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Issue # 1417      1 July 2009

No major crisis in the industry

During the debate in 2005 on the Howard government’s legislation to establish the ABCC, Labor MP and former ACTU president Martin Ferguson spoke strongly in defence of building trade unions and what they had achieved through years of struggle on building sites. His father was a building worker and staunch unionist involved in the struggles in the 1950s through to the 1990s. The following are extracts from his speech:

The bill was clearly born out of a political exercise. That political exercise was the Royal Commission headed by Justice Cole [in 2002 –Ed].

The facts show that at that time there was no major crisis in the building and construction industry. No one asked for the inquiry – not the unions, the industry, the clients or the workers. Building activity investment at the time was robust.

I suggest to the House that this government has never been about cleaning up the building industry. Its real goal has been, and always will be, to smash the union movement and hand power back to employers who have no regard for the welfare of building workers and their families.

I saw directly in my own household the sacrifices my parents made in just trying to make ends meet, because of the lack of decent working conditions for building workers in the post-Second World War period.

The struggle commenced on building sites. Yes, it was a struggle, and we are not ashamed of the fact that it was a struggle. It was about bringing to building workers a sense of decency and dignity at work.

The Cole Royal Commission did not uncover the so-called endemic corruption or criminality by union officials, which the government used as an excuse to set up the Commission.

It is also worthwhile reminding the House that this government spent $60 million [on the Cole Commission] to set up a framework to erode the rights of building workers, to reduce their wages and conditions of employment, while spending only $30 million inquiring into the HIH [insurance company] collapse, where there was real corruption.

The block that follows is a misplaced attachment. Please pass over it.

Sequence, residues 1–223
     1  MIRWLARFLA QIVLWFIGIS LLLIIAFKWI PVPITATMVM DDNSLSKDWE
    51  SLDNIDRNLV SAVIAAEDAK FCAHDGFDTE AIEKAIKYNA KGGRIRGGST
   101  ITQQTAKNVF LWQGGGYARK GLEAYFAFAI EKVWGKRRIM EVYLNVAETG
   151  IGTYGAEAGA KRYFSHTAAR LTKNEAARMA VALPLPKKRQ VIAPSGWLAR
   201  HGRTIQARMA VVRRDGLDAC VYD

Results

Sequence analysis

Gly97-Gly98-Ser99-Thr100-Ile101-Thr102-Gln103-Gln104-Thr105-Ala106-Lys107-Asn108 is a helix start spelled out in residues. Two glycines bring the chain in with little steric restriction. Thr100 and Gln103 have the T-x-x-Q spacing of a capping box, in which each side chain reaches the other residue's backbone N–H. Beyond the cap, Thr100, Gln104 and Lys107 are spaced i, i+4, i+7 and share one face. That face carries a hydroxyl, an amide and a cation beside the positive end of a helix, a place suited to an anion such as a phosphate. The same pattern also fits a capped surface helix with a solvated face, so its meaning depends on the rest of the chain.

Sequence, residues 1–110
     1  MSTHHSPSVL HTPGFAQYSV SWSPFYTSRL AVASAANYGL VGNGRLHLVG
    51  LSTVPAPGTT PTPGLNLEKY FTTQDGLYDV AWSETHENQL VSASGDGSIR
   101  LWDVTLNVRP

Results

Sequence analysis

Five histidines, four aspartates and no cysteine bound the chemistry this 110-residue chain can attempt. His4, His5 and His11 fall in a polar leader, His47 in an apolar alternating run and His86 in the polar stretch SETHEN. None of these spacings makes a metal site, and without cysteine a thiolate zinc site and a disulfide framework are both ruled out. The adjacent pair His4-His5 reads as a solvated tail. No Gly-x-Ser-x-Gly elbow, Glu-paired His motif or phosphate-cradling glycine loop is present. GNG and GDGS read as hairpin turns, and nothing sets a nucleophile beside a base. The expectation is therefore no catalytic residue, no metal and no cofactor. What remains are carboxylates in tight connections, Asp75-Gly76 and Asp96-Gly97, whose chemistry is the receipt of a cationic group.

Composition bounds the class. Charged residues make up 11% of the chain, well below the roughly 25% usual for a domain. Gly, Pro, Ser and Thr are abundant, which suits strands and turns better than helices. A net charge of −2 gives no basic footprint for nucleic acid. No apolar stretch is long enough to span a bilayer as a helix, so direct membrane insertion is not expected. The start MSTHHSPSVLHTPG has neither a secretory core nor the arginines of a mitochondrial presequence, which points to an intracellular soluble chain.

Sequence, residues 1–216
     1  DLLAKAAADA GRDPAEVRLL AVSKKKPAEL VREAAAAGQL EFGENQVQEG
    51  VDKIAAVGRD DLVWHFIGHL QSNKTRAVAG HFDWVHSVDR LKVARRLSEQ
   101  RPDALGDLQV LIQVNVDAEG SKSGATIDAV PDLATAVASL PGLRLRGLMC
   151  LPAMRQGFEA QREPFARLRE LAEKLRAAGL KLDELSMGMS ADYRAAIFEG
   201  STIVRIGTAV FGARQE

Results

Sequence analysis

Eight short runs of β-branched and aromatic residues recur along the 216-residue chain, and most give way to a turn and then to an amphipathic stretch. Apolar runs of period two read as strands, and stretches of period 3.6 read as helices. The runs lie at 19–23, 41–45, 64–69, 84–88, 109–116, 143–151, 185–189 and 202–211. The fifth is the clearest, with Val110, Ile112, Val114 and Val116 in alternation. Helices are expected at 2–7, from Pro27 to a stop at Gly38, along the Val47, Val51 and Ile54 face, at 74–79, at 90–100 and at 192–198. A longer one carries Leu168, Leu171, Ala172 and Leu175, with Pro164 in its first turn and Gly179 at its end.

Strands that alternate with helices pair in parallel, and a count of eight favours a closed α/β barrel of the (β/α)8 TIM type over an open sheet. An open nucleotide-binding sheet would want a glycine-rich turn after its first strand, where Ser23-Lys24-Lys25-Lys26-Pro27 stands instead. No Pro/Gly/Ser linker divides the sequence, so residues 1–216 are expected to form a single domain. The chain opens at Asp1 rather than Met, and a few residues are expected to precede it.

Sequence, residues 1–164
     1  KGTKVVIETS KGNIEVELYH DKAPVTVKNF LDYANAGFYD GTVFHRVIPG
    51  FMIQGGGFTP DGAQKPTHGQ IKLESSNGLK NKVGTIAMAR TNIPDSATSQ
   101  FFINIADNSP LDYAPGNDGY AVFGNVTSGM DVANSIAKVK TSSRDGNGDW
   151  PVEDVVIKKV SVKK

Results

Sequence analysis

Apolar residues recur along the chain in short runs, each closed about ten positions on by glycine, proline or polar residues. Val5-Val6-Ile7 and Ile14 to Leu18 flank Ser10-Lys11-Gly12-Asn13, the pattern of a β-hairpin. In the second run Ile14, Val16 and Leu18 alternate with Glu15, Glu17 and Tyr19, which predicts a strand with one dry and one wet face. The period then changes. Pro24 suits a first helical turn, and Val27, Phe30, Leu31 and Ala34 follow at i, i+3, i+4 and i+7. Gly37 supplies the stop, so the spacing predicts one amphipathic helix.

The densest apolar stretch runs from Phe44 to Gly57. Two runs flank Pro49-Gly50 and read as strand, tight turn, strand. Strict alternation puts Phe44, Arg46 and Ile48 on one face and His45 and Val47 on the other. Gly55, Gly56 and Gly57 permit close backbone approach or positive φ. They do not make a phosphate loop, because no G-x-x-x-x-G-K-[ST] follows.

The effect of this bill is to try and ensure that building workers will be second-class citizens with weaker awards, less access to unions and a reduced right to protect their rights through industrial action.

I want to take people back to the 1950s... You were hired for the time of the job…. There was no guarantee of 52 weeks of employment a year…. When it rained there was no pay. There was no wet pay, there was no sick pay and, in most instances, little attention was paid to issues of health and safety in the building industry. So we actually achieved through the ‘50s and the ‘60s the right of building workers to wet pay and sick pay.

With regard to annual leave, we had to set up a fund to enable workers to accrue annual leave by payment into a building industry fund.… We had to set up a portability of long service leave scheme to guarantee to building workers what was received by all other workers in Australia.

One of the major achievements of the 1980s was the development of industry superannuation.

Even with the improvements in health and safety in Australia, we still have an industry which sees over 50 deaths per year. It is a dangerous industry. These conditions are important to building workers, but more importantly they are about security for building workers’ spouses and families in the case of accident or, worse still, death on the job.

Finally they actually achieved the introduction of severance pay. So I make no apology for the struggle of building unions over many years to actually bring a sense of decency to the lives of building workers and their families.

To me the historic fact is that building workers have rights to collectively organise and bargain. This bill is about eroding those rights…

June 2009 and Martin Ferguson, now a Labor Minister in the Rudd government, falls into line, supporting the transfer of the ABCC and its coercive powers to the Fair Work Australia legislation, and the continued outlawing of industrial action.

Next article Repeal the Act, dismantle the ABCC

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